When William Katt, star of the classic '80s TV show Greatest American Hero, was working on the movie Gamers in 2006, he and director Christopher Folino were frustrated that many of their ideas for stories were either too expensive or difficult to pull off in movies.
But they weren't too difficult to put in a comic book.
The two created Catastrophic Comics, which is releasing its first six-issue comic book mini-series, Sparks, with a new #1 issue coming out next week.
"At the time we were working on Gamers, the things that were most interesting to us to do next were things that, budget-wise, were never going to be realistic," Folino said. "And we were both pretty big comic book kids when we were growing up, so we just started talking about what we really wanted to do. We just wanted to tell great stories with great artwork, and we wanted to see if we could successfully launch a brand."
"I told Chris I wanted to tell amazing stories that don't suck," laughed Katt, who recently finished filming a role on the television show Heroes and is appearing on this weekend's TV Land Awards show. The actor added that he's hoping to create stories that bring a level of quality to comic books that is similar to what Pixar offers in animation.
"That's a big goal there," said Folino, who added that they're also taking the production aspects of the company seriously by having several issues of Sparks ready before releasing the first one. "I'm writing Issue #6 now and Issue #5 is being drawn. We realized if we wanted to make an impact and get people's trust, we knew we had to work five books ahead and not just do a couple books and see how it goes and then decide if we wanted to stick around. It had to be a full commitment."
Sparks, which was co-created and co-plotted by Katt but scripted by Folino, is a superhero take on the film D.O.A., a murder mystery from the '50s where the main character is trying to find his own killer.
"It's a dark, kind of film noir superhero story," Folino said. "It's a story about a masked vigilante named Sparks who comes into a newspaper at the beginning of the story and says, 'I want to report a murder.' And he has to find his killer. Then it all fills in from there, and you get his origin story and find out everything that has happened to him in his life. And what's happened to him isn't good."
Katt, said the comic, which features art by J.M. Ringuet, is very dark and has a lot of twists, something he likes to see in movies. "I like to have to think while I'm watching a movie. I want a twisted plot. I like the old, like, Dial M for Murder-type movies. The storytelling was so moving," the actor said. "And that's the kind of stories we want to tell."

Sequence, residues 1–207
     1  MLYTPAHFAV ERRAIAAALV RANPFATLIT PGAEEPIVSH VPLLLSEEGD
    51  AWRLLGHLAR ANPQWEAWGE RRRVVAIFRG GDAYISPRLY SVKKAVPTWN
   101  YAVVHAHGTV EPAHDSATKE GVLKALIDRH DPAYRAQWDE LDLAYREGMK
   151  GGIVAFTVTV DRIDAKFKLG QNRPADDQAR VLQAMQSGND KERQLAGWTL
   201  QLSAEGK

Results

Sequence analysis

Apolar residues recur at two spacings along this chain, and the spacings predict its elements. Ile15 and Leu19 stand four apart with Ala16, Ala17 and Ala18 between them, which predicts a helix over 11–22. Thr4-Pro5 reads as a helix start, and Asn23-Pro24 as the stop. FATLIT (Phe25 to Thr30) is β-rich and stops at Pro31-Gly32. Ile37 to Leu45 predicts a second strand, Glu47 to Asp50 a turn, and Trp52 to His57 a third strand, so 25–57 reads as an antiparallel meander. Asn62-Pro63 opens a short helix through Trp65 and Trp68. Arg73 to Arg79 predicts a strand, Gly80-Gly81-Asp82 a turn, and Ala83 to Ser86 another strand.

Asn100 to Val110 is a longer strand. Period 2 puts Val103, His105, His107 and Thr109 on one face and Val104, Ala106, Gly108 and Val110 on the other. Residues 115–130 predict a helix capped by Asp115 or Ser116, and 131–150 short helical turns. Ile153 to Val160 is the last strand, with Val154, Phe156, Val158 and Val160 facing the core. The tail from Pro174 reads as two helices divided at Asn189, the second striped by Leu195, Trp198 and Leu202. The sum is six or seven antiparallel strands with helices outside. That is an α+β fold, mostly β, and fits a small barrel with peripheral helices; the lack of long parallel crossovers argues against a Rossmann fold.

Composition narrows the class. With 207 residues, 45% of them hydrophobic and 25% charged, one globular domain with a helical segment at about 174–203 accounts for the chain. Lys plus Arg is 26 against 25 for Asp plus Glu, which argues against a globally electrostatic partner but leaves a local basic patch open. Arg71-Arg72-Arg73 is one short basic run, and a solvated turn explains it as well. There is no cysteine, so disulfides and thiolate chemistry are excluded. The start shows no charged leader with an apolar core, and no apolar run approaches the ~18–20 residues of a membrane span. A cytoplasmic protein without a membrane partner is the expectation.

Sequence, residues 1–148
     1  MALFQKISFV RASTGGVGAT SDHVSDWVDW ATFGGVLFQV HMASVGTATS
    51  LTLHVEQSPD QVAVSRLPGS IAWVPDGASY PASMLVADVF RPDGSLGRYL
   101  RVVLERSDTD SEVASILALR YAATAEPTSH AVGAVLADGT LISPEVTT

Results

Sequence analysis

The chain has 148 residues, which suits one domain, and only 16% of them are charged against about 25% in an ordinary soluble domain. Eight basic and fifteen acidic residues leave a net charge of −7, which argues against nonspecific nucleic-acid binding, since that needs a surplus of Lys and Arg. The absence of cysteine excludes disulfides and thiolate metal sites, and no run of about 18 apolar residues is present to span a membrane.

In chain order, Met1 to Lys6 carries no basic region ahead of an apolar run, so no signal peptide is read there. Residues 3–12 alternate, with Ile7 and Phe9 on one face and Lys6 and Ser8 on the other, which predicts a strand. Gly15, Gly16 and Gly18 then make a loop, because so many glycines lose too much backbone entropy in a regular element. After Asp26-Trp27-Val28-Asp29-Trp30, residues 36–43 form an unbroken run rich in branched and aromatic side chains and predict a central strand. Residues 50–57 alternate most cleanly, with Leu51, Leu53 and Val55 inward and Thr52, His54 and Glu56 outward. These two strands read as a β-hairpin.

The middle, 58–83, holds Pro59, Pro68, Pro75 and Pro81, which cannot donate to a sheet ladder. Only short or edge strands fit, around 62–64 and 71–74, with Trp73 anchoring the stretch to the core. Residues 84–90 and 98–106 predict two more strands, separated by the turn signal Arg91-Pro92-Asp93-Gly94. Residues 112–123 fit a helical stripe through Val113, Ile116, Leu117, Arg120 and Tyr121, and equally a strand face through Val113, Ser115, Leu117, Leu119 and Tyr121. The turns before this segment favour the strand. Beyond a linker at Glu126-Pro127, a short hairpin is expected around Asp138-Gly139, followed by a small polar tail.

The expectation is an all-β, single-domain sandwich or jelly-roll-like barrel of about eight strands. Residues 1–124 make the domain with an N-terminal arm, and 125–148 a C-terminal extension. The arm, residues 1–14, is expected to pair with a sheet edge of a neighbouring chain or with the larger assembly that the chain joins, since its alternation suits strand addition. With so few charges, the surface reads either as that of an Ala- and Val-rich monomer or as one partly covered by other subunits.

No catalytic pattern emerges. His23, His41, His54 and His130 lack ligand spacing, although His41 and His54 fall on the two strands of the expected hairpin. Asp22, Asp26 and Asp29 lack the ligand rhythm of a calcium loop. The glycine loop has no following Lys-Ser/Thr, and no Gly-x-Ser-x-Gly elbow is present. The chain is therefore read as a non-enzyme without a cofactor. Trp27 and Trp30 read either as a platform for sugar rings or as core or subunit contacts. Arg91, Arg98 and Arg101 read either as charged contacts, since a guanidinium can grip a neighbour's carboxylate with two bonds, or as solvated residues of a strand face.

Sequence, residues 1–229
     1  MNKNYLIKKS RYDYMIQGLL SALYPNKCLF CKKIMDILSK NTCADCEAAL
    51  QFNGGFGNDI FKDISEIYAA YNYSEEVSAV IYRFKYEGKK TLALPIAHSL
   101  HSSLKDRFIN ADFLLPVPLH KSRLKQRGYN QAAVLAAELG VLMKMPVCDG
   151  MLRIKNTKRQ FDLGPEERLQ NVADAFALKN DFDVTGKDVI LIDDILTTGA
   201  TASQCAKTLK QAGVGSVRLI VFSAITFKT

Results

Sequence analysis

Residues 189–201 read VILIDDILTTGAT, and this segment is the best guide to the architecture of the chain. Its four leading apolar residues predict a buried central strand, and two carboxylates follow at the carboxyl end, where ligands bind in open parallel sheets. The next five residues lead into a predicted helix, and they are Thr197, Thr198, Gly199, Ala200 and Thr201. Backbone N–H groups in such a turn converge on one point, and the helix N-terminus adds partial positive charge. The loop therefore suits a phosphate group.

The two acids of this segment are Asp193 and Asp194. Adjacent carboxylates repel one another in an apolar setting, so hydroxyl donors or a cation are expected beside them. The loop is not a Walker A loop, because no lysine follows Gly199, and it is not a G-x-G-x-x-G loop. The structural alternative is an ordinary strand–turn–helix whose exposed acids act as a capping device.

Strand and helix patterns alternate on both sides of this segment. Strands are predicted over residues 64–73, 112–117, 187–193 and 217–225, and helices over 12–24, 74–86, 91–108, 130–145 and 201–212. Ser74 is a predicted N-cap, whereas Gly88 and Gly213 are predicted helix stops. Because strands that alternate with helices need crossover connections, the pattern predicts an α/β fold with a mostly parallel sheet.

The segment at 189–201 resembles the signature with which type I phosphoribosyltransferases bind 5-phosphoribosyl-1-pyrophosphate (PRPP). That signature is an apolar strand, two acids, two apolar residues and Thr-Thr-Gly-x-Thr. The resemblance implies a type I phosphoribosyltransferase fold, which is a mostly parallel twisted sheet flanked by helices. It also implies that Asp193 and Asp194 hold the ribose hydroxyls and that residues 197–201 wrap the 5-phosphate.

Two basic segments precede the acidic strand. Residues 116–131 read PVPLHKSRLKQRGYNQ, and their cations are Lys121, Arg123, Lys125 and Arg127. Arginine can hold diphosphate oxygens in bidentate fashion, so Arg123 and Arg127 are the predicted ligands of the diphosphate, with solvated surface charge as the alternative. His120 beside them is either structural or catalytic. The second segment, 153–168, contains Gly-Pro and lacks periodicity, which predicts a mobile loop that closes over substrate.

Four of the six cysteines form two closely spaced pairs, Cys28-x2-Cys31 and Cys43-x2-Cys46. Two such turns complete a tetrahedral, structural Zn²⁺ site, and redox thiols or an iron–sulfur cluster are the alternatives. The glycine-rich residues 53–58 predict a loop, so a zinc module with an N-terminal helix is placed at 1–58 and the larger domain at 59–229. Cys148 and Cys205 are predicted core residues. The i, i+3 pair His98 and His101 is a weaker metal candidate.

Although Katt and Folino are aware a lot of fans of the Greatest American Hero show will want to check out their comics, they don't want to just capitalize on the name without having substance. "When we started thinking about Catastrophic, we knew people had expectations from Bill because of his work on Greatest American Hero and Carrie. But he's really not a nice guy, nor is he a very happy guy. Bill's very dark. He sits in a dark room and drinks all day. I'm kidding. I'm lying now. But I do want people to know that this isn't happy, cheery stuff. Sparks has got a different spin to it. And we've created things that we're really proud of."
Folino said Catastrophic will also have an announcement at San Diego Comic-Con about their next project. "Something is going to happen at Comic-Con that's going to be a driving force," he said. "We're teaming up with Arcana Studio for something after Sparks."
The next offering from Catastrophic Comics will be Mythology Wars, which is written by Katt and will be launched in early 2009. "Mythology Wars evolved from a script that I brought Chris several years ago," Katt said. "It was a film that I thought would make a good animated feature, but I ended up bringing it to Chris. We rewrote it a little and it turned out to be pretty cool. It's a mythological war set in a modern day world. And it has very interesting, dark, kind of convoluted characters."
Katt and Folino said they've been spending a lot of time on comic books and are constantly surprised by how compelling the art form is. "It's such a creative medium," Folino said. "It's just amazing to be dealing with one artist instead of a big film crew. It's more personal. It's been a phenomenal experience so far. We both have day jobs, and this is something we've been spending our extra time doing. And we're trying to be smart about it as we've been putting it all together over the last year and a half."
As for the future of Catastrophic Comics, the two recognize that there are already a lot of great comics out there. "With comics by Alan Moore and Mark Millar and so many other great writers out there, we recognize it's a market where we have to have a great product to even get noticed," Katt said. "It's amazing the level of storytelling."
But Folino joked that they're not letting that stop them from aiming high. "Gamers was rated #75 on the 'imdb movie meter,' and we figured we should just stop making movies and go into comic books because we're only 74 away from Iron Man," he joked. "And we know we can just kick their ass in comic books. So goodbye DC and goodbye Marvel. We're taking them down. And you can quote Bill on that."
"Thanks a lot, Chris," Katt said with a laugh.
For more details on Catastrophic Comics, visit the company's website at http://www.catastrophiccomics.com/Check back tomorrow for a 10 page preview of Sparks #1